Members of the US Senate Banking Committee have reached a bipartisan agreement on an amendment to improve coordination among the agencies tasked with administering anti-money laundering and countering financing of terrorism (AML/CFT) requirements.
The amendment also seeks to make the beneficial ownership of US companies more transparent.
Modernising AML/CFT laws
Improved coordination amongst the agencies that examine financial institutions for compliance with AML requirements, federal law enforcement and intelligence agencies as well as financial institutions is called for by the amendment.
It also outlines plans to modernise AML/CFT laws to adapt the government and private sector response to new and emerging threats and encourage technological innovation and the adoption of new technology by financial institutions to more effectively counter money laundering and the financing of terrorism.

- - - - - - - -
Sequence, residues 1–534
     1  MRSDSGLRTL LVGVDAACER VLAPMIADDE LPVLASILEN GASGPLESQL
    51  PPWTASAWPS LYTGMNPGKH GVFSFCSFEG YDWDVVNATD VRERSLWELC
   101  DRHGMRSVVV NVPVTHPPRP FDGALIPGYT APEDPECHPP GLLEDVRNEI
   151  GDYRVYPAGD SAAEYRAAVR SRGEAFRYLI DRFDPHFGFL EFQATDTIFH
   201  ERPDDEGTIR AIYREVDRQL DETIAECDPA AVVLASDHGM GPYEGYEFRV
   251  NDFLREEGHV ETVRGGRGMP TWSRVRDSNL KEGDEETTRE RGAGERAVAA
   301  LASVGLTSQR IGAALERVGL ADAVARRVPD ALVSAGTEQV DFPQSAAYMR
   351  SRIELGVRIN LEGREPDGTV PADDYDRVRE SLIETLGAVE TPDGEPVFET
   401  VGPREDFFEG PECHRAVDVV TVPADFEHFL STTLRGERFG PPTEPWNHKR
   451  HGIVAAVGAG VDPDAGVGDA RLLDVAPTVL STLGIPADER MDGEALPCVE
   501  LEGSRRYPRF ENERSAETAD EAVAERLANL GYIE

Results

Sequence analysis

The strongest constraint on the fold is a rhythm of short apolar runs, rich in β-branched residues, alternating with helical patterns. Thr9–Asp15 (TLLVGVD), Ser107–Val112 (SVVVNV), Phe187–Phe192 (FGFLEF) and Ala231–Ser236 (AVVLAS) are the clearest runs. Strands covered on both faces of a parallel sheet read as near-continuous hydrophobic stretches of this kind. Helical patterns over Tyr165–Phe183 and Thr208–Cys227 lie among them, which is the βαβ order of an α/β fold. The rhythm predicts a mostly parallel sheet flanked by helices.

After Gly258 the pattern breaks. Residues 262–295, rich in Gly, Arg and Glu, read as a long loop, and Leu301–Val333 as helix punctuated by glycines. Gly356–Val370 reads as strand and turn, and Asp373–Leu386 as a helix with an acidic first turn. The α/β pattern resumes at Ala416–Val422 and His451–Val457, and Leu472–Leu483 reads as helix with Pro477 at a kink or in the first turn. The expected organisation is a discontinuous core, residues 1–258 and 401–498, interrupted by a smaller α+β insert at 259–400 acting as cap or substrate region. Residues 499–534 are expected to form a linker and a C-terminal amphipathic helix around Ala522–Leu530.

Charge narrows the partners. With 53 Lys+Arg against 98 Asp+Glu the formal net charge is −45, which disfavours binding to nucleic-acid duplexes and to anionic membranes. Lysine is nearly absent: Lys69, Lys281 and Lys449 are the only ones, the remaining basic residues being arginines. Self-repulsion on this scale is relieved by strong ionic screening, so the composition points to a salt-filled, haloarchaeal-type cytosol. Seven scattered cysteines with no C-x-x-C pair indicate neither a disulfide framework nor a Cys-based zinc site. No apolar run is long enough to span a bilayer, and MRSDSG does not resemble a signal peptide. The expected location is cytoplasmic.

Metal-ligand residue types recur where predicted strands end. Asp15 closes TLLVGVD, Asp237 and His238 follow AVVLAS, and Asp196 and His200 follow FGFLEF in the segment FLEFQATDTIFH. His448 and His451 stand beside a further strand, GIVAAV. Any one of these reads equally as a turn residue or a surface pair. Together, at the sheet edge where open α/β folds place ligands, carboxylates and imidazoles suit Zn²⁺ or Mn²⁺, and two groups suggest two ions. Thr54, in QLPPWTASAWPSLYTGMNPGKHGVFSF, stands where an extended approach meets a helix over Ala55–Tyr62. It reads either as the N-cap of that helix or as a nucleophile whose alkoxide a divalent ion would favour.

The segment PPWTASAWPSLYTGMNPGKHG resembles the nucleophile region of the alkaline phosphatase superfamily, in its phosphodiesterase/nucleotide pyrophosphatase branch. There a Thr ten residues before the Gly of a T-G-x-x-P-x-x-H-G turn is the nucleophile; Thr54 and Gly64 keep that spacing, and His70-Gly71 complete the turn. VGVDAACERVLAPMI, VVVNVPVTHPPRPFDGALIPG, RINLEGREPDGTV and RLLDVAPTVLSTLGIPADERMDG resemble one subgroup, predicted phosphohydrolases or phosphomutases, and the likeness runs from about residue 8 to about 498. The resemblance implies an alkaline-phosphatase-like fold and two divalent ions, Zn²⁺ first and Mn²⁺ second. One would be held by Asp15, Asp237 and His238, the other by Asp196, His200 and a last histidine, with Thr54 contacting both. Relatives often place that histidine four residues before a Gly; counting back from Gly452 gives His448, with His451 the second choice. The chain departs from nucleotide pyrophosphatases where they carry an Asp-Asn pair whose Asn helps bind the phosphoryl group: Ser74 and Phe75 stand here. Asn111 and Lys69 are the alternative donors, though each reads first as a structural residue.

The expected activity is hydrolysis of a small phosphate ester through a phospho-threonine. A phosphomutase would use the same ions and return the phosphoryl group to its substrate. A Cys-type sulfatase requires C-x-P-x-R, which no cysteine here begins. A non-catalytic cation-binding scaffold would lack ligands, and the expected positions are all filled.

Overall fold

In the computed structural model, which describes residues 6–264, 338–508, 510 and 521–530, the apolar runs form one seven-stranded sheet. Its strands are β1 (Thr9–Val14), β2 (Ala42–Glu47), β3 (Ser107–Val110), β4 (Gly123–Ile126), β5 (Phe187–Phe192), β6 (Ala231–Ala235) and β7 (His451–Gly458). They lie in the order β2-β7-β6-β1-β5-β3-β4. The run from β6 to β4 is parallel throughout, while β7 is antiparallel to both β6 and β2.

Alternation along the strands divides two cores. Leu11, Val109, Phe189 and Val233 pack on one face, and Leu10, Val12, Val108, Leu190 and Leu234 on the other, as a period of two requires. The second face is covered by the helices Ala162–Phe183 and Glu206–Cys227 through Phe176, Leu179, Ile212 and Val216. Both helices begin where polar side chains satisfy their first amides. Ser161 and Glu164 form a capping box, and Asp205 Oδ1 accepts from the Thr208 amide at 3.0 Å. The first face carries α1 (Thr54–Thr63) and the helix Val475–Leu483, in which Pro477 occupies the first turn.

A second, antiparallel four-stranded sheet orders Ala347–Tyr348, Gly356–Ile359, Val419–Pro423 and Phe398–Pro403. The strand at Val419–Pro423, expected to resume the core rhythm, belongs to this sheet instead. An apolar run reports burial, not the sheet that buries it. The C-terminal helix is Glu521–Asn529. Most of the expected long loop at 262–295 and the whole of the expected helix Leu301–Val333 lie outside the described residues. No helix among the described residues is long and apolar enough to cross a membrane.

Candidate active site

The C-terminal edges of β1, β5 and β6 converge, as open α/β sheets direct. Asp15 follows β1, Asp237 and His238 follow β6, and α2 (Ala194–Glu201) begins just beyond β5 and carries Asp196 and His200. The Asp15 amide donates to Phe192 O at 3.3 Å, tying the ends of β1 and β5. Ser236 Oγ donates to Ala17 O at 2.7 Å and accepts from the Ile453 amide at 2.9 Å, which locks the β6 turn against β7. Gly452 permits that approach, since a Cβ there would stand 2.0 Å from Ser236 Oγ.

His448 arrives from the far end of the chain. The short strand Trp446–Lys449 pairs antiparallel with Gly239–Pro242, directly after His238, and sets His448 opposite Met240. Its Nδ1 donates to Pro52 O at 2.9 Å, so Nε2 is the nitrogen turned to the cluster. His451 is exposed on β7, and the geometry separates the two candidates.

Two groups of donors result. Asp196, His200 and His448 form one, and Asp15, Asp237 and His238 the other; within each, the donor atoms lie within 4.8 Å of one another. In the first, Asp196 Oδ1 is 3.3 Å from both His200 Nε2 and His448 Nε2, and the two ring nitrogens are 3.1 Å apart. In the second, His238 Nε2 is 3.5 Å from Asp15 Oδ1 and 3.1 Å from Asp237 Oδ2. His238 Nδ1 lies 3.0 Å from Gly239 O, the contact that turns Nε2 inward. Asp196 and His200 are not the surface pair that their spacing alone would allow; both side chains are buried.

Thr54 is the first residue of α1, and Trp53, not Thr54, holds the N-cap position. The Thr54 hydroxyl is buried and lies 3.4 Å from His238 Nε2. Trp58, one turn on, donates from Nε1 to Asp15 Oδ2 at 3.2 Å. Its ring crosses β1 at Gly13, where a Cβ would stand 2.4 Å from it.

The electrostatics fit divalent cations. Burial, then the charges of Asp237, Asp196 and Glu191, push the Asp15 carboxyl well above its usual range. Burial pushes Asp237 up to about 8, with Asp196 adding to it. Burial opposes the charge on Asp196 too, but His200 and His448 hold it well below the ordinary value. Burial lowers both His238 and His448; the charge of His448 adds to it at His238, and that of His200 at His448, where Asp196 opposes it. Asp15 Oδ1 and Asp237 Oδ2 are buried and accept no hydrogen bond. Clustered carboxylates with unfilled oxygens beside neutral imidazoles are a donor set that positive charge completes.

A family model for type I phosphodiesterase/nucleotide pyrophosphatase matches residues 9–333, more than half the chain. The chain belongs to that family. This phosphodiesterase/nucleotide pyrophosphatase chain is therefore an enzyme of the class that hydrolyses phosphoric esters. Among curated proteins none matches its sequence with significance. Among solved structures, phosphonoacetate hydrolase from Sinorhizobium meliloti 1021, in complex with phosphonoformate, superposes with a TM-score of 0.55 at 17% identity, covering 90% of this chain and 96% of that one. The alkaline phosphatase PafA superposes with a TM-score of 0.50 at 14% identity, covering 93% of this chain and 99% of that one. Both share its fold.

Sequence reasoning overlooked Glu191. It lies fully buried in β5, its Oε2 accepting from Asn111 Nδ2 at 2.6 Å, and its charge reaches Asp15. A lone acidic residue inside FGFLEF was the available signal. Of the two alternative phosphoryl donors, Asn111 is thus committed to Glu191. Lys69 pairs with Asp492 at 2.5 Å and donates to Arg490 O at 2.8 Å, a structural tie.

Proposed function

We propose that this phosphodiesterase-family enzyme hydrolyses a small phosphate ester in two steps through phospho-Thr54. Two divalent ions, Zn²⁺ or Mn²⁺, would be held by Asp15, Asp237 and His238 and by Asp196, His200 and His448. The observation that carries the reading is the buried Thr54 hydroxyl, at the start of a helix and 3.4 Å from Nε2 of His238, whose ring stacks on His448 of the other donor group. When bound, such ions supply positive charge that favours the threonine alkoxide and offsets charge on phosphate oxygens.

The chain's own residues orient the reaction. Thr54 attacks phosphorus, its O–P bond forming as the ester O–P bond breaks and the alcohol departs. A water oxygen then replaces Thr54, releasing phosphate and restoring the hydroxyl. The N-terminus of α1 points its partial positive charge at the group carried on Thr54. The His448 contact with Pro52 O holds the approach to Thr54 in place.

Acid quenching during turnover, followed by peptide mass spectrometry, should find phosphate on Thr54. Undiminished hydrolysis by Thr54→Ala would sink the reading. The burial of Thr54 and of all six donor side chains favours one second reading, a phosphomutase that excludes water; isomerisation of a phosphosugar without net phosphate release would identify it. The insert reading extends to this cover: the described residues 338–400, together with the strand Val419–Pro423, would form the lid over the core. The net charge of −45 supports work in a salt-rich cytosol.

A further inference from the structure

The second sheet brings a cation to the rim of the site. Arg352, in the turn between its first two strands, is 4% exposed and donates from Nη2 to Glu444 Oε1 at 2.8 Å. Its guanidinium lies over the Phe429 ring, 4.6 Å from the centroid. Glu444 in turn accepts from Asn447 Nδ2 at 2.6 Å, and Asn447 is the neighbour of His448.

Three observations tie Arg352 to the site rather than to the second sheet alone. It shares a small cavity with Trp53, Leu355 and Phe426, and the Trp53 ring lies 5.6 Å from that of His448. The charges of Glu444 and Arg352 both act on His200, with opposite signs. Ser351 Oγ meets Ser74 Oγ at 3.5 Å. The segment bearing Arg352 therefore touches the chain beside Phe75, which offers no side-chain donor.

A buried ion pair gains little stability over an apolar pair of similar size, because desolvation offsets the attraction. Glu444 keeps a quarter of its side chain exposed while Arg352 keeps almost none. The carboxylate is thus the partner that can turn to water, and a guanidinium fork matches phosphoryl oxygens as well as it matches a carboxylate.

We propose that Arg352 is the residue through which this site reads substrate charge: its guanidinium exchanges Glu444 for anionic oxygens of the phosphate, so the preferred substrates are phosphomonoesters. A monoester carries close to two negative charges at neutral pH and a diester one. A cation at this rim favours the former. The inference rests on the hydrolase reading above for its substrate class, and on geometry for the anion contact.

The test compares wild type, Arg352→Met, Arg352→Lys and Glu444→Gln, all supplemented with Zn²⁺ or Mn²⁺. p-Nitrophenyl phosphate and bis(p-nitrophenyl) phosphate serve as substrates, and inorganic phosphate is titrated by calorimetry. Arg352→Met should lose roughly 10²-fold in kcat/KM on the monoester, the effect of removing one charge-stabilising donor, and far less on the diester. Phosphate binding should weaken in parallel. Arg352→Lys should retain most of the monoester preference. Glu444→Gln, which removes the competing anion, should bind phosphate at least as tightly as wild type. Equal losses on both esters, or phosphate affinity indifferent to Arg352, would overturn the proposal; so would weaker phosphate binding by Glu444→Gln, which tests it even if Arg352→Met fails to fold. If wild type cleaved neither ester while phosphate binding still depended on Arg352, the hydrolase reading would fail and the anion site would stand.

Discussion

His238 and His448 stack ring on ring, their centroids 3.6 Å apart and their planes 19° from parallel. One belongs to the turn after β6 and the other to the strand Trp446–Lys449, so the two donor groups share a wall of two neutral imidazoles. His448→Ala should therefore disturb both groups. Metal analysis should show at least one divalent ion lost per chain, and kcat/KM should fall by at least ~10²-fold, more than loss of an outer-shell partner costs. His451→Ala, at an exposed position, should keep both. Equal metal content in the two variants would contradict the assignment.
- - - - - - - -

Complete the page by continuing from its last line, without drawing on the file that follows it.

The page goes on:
IFFs and shell companies
The amendment also calls for the establishment of uniform beneficial ownership information reporting requirements to improve transparency for national security, intelligence, and law enforcement agencies concerning corporate structures and insight into illicit fund flows (IFFs) through those structures.
Newly incorporated companies and limited liability corporations would be required to send ownership details to the US treasury department’s Financial Crimes Enforcement Network (FinCEN), which would maintain a database that law enforcers could use to better track IFFs through opaque legal entities.
The database would not be open to the public and is designed with the purpose of discouraging the use of shell corporations as a tool to disguise illicit funds.
The amendment also calls for the creation of a new whistleblower fund and a review of suspicious activity reporting thresholds.
The amendment, Strengthening Treasury Financial Intelligence, Anti-money Laundering, and Countering the Financing of Terrorism Programmes, can be found here.
Categories: Trade Based Financial crimes News